Sitting Down With ‘Wall Street Maneet,’ CNBC’s Hedge Fund Specialist in the Crosshairs

By
Maneet Ahuja. Photo: CNBC/2012 CNBC Media, LLC.

Peering out from under a set of false eyelashes at a pink-encased BlackBerry, Maneet Ahuja, a 27-year-old CNBC producer and hedge fund specialist, looked every bit the harried Manhattan media underling as she sat down at Ground Support in Soho last week.

Ahuja was smiling but deflated. She had just learned that despite a monthlong media push and a star-studded book party whose guest list included such Wall Street notables as David Tepper, Leon Cooperman, and John Paulson, her new book, The Alpha Masters: Unlocking the Genius of the World’s Top Hedge Funds, had missed the week’s New York Times best-seller list.

The Alpha Masters is an examination of the world’s leading hedge fund managers, as well as a book-length shrine to their investing prowess. Ahuja, whose nickname and Twitter handle is “Wall Street Maneet,” spent three years sketching nine mini-biographies of the industry's biggest, most reticent names. The resulting book, which features a flattering foreword from PIMCO CEO Mohamed El-Erian and an afterword from Nobel laureate Myron Scholes, has raised Ahuja's profile, but has also drawn accusations that she is a cheerleader for the .01 percent.

Boaz Weinstein, the Saba Capital trader who harpooned the London Whale, is described as a man of “intelligence, discipline, pluck, enthusiasm for his work, and a distinct ability to stay calm even under the most trying of circumstances.” Ahuja christens Appaloosa Management boss David Tepper a “fearless first mover,” praises activist investor William Ackman’s “charming and benevolent” personality, and notes that Third Point founder Daniel Loeb has an “active physical lifestyle that would put many men half his age to shame."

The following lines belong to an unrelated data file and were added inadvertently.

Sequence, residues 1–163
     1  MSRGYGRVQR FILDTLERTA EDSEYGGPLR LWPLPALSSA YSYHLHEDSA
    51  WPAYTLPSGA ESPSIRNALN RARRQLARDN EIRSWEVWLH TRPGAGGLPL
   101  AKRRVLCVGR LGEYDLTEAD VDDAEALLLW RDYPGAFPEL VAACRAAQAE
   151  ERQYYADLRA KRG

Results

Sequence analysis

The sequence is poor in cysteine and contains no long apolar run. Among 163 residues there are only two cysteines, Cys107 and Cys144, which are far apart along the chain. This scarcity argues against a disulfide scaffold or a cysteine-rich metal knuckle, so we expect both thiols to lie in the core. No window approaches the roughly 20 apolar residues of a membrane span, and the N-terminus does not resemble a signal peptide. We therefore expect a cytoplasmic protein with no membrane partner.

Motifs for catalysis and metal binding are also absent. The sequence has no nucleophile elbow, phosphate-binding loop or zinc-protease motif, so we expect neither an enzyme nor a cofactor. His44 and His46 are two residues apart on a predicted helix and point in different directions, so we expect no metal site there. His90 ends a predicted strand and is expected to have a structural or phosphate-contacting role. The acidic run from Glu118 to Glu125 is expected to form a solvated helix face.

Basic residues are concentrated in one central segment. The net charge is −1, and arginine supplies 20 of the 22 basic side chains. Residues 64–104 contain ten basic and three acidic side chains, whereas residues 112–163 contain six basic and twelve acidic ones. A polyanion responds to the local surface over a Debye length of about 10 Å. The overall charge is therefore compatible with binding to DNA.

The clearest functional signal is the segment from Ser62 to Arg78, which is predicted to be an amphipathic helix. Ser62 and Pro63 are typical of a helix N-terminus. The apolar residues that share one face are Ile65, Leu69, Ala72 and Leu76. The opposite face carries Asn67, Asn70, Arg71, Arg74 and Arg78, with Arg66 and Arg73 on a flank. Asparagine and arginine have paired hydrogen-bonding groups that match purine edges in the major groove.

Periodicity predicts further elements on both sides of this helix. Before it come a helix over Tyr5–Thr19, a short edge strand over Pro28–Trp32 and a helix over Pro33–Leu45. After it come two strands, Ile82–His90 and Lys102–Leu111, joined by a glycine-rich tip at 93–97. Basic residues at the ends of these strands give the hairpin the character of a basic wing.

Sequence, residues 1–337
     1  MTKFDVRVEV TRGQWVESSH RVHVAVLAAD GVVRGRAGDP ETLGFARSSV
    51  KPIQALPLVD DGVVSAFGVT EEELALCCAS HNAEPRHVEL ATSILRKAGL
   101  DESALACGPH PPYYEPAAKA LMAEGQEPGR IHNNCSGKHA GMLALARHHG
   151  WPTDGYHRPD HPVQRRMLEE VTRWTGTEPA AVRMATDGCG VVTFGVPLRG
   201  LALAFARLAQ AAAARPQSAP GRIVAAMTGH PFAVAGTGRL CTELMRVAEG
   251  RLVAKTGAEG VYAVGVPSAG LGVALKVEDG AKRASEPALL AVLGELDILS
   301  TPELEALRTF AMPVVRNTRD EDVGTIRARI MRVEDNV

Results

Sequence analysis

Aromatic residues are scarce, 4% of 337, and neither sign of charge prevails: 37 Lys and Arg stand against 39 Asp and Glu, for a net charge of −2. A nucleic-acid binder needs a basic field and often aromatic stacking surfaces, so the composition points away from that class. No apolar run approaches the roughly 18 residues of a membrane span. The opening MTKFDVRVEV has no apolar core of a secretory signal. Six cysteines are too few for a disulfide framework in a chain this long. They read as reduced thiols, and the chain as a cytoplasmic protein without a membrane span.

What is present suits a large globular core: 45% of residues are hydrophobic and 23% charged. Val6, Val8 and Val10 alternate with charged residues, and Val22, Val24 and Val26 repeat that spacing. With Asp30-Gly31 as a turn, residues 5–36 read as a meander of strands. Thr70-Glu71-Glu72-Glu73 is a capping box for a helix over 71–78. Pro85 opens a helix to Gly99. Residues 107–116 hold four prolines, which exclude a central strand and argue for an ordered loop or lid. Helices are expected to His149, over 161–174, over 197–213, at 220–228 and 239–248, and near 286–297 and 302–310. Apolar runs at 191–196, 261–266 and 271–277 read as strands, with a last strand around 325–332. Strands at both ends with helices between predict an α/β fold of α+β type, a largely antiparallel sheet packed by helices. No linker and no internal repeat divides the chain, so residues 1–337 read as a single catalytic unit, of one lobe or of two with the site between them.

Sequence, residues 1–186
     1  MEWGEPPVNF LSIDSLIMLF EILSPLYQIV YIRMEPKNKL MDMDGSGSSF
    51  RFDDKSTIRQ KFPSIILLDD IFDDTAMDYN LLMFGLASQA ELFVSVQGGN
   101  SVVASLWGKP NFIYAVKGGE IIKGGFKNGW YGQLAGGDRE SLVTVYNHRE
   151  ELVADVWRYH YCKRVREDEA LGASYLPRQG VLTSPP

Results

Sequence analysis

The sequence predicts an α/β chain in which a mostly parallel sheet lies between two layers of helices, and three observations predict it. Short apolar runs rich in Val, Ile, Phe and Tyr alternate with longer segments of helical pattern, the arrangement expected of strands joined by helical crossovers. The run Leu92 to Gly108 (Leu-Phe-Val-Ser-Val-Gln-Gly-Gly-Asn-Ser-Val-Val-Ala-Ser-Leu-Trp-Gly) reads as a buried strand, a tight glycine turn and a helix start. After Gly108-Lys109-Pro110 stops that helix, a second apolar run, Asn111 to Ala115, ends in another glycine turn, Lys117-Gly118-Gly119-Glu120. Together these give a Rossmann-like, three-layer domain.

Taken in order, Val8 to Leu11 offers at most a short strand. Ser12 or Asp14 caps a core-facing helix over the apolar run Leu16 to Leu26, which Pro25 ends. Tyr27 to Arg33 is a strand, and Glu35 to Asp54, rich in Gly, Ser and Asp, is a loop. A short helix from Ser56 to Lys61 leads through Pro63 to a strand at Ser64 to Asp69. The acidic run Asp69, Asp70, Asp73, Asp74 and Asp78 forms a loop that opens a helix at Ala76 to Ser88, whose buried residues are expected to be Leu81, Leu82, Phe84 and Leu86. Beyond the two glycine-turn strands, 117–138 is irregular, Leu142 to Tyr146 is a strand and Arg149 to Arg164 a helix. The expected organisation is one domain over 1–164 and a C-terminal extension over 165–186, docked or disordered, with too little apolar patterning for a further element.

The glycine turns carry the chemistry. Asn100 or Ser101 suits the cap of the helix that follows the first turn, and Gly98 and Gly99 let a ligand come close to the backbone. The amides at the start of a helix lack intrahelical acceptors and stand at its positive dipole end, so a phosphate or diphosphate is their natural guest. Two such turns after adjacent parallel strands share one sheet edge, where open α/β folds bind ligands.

I’d asked Ahuja to coffee after hearing a steady trickle of unflattering gossip about The Alpha Masters. It was a “love letter to her sources,” one hedge fund worker told me. A “complete puff piece,” a PR executive said. Among financial journalists, rumors flew that Ahuja had given her book’s subjects the chance to sign off on, or even ghostwrite, their own chapters.

Ahuja denied having had writing help, although she said that her hedge fund honchos (and their lawyers) were allowed to review their chapters before they went to press.

“There was no book if that wasn’t going to happen,” she said.

Some of the grumbling from fellow journalists can be chalked up to professional jealousy. At 27, Ahuja is further along in her career than many of her peers. She started her career at 17 as a Citigroup intern, then moved to The Wall Street Journal, where she was a graphics reporting assistant, before landing at CNBC in February 2008.

Since then, say people who know her, Ahuja has amassed a golden Rolodex, in part by being protective of her hedge fund sources and dogged in her quest to corral them into guest chairs on Squawk Box, the network's flagship morning show. Her ability to massage the egos of the ultrawealthy surely doesn’t hurt.